1. sure, lots of things can still go wrong – but who knows, maybe things could go right as well. we have trend-ish growth, 2.5% inflation and neutral policy. I think we’re well placed to wait and see.

      1. Pretty much everything has to right in Europe for it to return to reasonable growth. Best case scenario is more “muddle through” with anemic growth in the core and grinding recession in the periphery. Worst case scenarios are numerous and horrific.

        1. Agreed, but it only matters for my aussie cpi forecast if it is horrible – they never contributed much to global growth in any case, and even less to Aussie growth.

          Sent from my iPad

      2. I actually agree, there’s a good chance they’ll stay on hold after two successive cuts, and because the global economic situation seems to have calmed down over the holiday period … but then, things may have calmed down simply because a lot of bankers went on holiday.

        As for China not hard landing, perhaps you should check this out:
        The China growth story (especially for Australia) is all about building stuff, not making stuff.

    2. Bugger. Stuffed up the link. I’ll try again…

      China: digger sales in the ditch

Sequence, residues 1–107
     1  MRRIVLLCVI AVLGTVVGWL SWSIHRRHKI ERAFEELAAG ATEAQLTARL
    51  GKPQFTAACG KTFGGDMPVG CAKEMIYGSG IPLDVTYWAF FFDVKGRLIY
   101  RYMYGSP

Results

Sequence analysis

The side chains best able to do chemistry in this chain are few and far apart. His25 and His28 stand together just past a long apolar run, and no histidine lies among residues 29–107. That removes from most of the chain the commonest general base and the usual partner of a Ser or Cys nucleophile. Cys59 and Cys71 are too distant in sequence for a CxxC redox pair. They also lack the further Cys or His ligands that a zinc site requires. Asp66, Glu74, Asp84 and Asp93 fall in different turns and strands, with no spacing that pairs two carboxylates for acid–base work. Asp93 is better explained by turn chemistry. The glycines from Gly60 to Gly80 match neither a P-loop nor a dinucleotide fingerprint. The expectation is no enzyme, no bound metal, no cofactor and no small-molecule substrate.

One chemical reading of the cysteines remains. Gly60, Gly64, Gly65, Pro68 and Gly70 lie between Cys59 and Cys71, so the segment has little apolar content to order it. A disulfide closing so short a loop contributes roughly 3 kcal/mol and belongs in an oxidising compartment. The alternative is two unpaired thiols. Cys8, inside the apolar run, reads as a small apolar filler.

Lets face it, the Chinese GDP numbers are more fiction than fact, and indicators such as electricity consumption proved to be far better indicators of economic activity during the financial crisis.

      1. Check out the CAT and DE equity charts – there is clearly something positive happening in the ‘heavy’ sector. By the way, they look a lot like the AUD…

        I think they are both responding to a common third factor – the outlook for the industrialisation of Asia.

        Sent from my iPad

  3. So Chinese digger sales are at a 3 year low, but CAT and DE have had a one month rally on the NYSE. Rallies on stock markets can be driven by anything from wild speculation to short squeezes. Besides, CAT & DE could be rallying on an improved US outlook more than anything else. Its a big leap to conclude they’re rallying on the industrialisation of Asia which is a multi-decade story.

    I mean, CAT fell in a hole between July and September. Was Asia not industrialising then?

    I’m sorry, I place more faith in digger sales data than what equity markets are doing.

    1. right you are, but they are better predictors than most people. these equities and the AUD are telling the same story.

      i suppose the counterpoint is that everyone is very bearish and though that sentiment may ultimately be justified, they are vulnerable to a squeeze. we will find out before too long.

      1. Remember the post-tsunami rally in everything “undollar” in April last year? What did that predict?

        i suppose the counterpoint is that everyone is very bearish

        Bullish sentiment in the US is at an 11 month high, and well above historical averages.

        Forbes: Big Jump In Bullish Sentiment